14 Nov 2018
The University of Nebraska College of Law will host a commemoration of the seventieth anniversary of the Universal Declaration of Human Rights on Monday, November 26 from noon to 1:30 pm in the Hamann Auditorium. The Universal Declaration, which proclaims human rights to which everyone is entitled, was adopted by the United Nations General Assembly on December 10, 1948, seventy years ago.
The theme of the commemoration will be “The Universal Declaration of Human Rights at Seventy: Reflections on Its Relevance for Nebraskans.” The commemoration is co-sponsored by the College of Law and the University of Nebraska’s Forsythe Family Program on Human Rights and Humanitarian Affairs.
The keynote speaker at the commemoration will be Dr. Micheline Ishay, Professor at the Josef Korbel School of International Studies at the University of Denver and a renowned expert on the history of human rights. She is the author of a number of acclaimed books on human rights, including The History of Human Rights, from Ancient Times to the Globalization Era; The Human Rights Reader: Major Political Essays, Speeches and Documents from Ancient Times to the Present; and The Levant Express: The Arab Uprising and the Future of Human Rights (forthcoming).
Dr. Ishay will be joined by two other speakers. The first will be Professor Anna Shavers, Associate Dean of Diversity and Inclusion and Cline Williams Professor of Citizenship Law at the University of Nebraska College of Law. Professor Shavers is an internationally recognized expert on human trafficking and women’s rights. The second will be Dr. David P. Forsythe, Emeritus University Professor and Charles J. Mach Distinguished Professor of Political Science at the University of Nebraska. Dr. Forsythe is an eminent scholar of international human rights and is the founding benefactor of the Forsythe Family Program.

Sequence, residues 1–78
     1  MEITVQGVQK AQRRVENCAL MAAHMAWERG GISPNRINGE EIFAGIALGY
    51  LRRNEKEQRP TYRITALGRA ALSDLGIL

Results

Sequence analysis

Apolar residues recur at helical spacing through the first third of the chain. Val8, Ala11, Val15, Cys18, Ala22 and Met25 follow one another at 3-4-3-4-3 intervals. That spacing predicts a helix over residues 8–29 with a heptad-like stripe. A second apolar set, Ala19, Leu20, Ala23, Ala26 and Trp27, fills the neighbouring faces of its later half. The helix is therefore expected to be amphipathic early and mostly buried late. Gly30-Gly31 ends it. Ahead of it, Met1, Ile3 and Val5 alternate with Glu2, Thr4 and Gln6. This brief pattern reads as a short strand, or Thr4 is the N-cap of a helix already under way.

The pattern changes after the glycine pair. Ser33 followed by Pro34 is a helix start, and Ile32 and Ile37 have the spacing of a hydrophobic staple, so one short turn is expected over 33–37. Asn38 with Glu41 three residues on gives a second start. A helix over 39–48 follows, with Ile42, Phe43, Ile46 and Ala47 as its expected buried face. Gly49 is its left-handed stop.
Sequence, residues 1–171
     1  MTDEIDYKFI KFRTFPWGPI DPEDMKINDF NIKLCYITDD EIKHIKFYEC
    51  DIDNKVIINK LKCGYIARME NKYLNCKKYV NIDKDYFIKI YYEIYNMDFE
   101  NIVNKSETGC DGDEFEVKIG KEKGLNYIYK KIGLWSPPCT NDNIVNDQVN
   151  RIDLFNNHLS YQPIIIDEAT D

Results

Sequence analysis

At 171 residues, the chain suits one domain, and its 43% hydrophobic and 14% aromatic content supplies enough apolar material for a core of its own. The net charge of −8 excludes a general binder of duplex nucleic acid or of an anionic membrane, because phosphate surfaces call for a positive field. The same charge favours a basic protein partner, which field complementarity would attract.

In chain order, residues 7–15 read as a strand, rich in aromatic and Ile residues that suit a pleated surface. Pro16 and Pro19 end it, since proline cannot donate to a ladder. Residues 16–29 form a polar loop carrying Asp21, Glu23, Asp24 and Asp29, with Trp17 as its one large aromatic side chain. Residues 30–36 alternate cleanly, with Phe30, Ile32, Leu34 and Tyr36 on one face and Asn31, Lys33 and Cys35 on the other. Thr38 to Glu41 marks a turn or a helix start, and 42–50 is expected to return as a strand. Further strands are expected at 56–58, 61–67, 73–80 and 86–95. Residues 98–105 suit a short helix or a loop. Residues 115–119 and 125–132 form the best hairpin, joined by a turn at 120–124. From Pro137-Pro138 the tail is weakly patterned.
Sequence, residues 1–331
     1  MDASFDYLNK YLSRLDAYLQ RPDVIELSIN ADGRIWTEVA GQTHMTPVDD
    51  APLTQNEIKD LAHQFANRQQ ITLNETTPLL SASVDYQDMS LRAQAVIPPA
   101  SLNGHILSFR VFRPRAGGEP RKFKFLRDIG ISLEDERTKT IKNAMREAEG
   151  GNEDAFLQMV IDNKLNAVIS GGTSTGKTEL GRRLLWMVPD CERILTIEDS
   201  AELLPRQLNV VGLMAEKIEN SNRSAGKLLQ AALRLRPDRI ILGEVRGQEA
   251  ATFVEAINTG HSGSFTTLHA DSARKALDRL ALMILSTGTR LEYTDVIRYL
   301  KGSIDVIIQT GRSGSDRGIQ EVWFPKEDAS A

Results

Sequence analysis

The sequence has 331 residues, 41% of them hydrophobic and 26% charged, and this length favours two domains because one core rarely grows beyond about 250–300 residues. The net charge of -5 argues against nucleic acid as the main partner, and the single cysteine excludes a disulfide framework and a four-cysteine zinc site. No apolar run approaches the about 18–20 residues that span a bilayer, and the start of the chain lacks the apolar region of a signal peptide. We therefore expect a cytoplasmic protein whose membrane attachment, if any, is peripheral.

Professor Brian Lepard of the College of Law will introduce the speakers. Dr. Courtney Hillebrecht, Director of the Forsythe Family Program and Samuel Clark Waugh Professor of International Relations in the Department of Political Science, will moderate the discussion among the panelists.
The program is free and open to the public.